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One of the unsolved technical challenges holding back the global use of such renewable energy resources as solar or wind is that they’re not always able to deliver power when and where it’s needed. There’s plenty of sun and wind – enough to run all the factories, computers and air conditioners in the world; but supplying that energy on demand is still problematic.
If only we had a way to save the sun’s energy for a rainy day. Coal, for instance, is a form of stored energy: It can be burned at will to create steam, which, in turn, produces electricity. In contrast, solar panels and windmills convert sunshine and wind directly to electricity – useful for powering our homes, but hard to stockpile. Many solutions have been proposed, but most (oversized batteries, for example, or pumping large quantities of water uphill) remain expensive, unwieldy or impractical in other ways. One promising avenue that scientists have been exploring is that of converting the energy obtained from the sun or wind into a form that can be stored, transported and burned at a later date. In the 1980s and 1990s, Weizmann scientists began pursuing methods for storing solar energy in chemical bonds, using highly concentrated solar energy created in the Institute’s solar tower (thermochemical heat pipe).
Now, Prof. Igor Lubomirsky of the Institute’s Materials and Interfaces Department in the Faculty of Chemistry has come up with a novel alternative for converting solar energy into fuel. What’s more, his method is comparatively inexpensive, produces no environmentally hazardous waste and is very efficient. Rather than coal (which takes millions of years to be created and emits pollutants when burned), the new method produces carbon monoxide (CO) – a non-corrosive gas that can be burned directly in turbines or generators, or converted on-site into liquid fuel. Although it’s toxic in high concentrations, CO has been used for over a hundred years as an intermediate chemical product; tens of millions of tons are synthesized each year from coal or wood in one of the most developed of industrial processes.
In Lubomirsky’s approach, the CO is generated from CO2 in a relatively straightforward chemical process using a setup that’s something like a large, hot battery. Inside a special cell, a chemical compound is heated to around 900°C and an electric current is passed through the compound. When CO2 is continuously fed into the cell, the result is pure CO and oxygen.
“CO could be produced right at the smokestack of a power plant or other CO2 source,” says Lubomirsky, “so the greenhouse gases released from the plant would be removed and recycled before they have a chance to hit the atmosphere. The metal used in the process is off-the-shelf titanium, which is many times cheaper and more available than such precious metals as platinum that are often used in similar devices.” Other advantages of the method include a thermodynamic efficiency of over 85% (not counting the energy needed to heat the system), which is almost unheard of in the world of energy conversion, and the ease of transporting and burning CO.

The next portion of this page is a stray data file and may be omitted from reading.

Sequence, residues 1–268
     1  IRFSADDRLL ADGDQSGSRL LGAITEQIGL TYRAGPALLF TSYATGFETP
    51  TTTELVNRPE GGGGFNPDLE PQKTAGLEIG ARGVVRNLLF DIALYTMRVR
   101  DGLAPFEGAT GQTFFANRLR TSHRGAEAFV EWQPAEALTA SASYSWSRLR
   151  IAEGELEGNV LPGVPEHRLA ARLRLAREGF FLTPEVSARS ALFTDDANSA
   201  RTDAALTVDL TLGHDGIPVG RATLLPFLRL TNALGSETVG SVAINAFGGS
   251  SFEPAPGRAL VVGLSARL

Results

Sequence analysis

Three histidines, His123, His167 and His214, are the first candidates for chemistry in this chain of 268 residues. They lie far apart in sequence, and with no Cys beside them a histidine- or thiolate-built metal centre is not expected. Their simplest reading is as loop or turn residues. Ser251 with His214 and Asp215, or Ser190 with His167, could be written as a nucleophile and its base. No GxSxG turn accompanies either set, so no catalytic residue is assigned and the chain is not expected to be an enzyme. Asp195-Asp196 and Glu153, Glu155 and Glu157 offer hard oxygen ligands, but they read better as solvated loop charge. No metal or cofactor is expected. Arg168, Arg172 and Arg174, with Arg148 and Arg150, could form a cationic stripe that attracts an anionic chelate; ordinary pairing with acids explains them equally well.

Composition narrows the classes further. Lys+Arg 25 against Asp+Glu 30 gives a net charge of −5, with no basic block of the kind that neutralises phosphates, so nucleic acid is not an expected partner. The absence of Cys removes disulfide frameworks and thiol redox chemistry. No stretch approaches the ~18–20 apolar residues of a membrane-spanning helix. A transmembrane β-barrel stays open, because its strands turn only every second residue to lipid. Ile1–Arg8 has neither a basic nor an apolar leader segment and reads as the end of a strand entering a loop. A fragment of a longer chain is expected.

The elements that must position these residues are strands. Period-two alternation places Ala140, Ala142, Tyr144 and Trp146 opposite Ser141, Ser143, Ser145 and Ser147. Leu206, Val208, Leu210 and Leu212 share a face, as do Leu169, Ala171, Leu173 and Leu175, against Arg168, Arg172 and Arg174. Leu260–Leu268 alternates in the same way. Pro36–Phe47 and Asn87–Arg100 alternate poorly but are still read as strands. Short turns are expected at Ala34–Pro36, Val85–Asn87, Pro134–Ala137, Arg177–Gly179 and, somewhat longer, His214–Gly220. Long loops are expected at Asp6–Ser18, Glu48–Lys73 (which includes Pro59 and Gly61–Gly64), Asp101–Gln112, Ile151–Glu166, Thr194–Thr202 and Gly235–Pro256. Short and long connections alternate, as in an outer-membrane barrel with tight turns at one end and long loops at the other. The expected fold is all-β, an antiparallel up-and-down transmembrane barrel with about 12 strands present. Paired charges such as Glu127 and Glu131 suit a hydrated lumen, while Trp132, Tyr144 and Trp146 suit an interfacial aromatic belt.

Lubomirsky: “In the future, this method might be used to harvest solar or wind energy in places where it’s plentiful, convert it to CO and store or convert it into a liquid fuel such as methanol. This research is 100% the fruit of Weizmann Institute scientists and resources, especially the Institute’s Alternative Energy Research Initiative (AERI), which supports a number of important research projects in the field.”
Yeda, Ltd., the technology transfer arm of the Weizmann Institute, has applied for a patent for the method, and preliminary tests are planned for the near future.
Prof. Igor Lubomirsky’s research is supported by the Nancy and Stephen Grand Research Center for Sensors and Security; the Phyllis and Joseph Gurwin Fund for Scientific Advancement; Yossie Hollander, Israel; Martin Kushner Schnur, Mexico; Rowland Schaefer, New York; and the Wolfson Family Charitable Trust.
Can one freeze water by heating it? In research that recently appeared in Science, Lubomirsky, working with then research student David Ehre and Prof. Meir Lahav, demonstrated that water can turn solid at different temperatures, depending on the electric charge of the surface underneath. By creating conditions for the charge to be reversed, they found that ice could even form as the surface heated up.
The experiment was based on a long-standing conjecture that an electric charge could promote freezing by causing the water molecules to align with the charge. When water freezes at 0° Celsius, the ice crystals start to coalesce around dust particles or other impurities. But so-called super-cooled water, such as that in high clouds, can stay liquid well below the freezing point if nothing sets off crystallization. Testing the theory was problematic, however, as materials that hold a charge – mostly metals – also act as nuclei for ice formation.
The team solved the problem by placing the water on a special surface made of pyroelectric crystals; these can carry a charge when heated or cooled, but do not provide a nucleus for ice crystals. To their surprise, they found that whereas on a positively charged surface, the water froze at -7°C and on the uncharged surface at -12.5°C; on the negatively charged material, it only turned to ice at -18°C. When they put liquid water on the negatively charged surface, the water turned to ice when that surface was heated from -11°C to -8°C.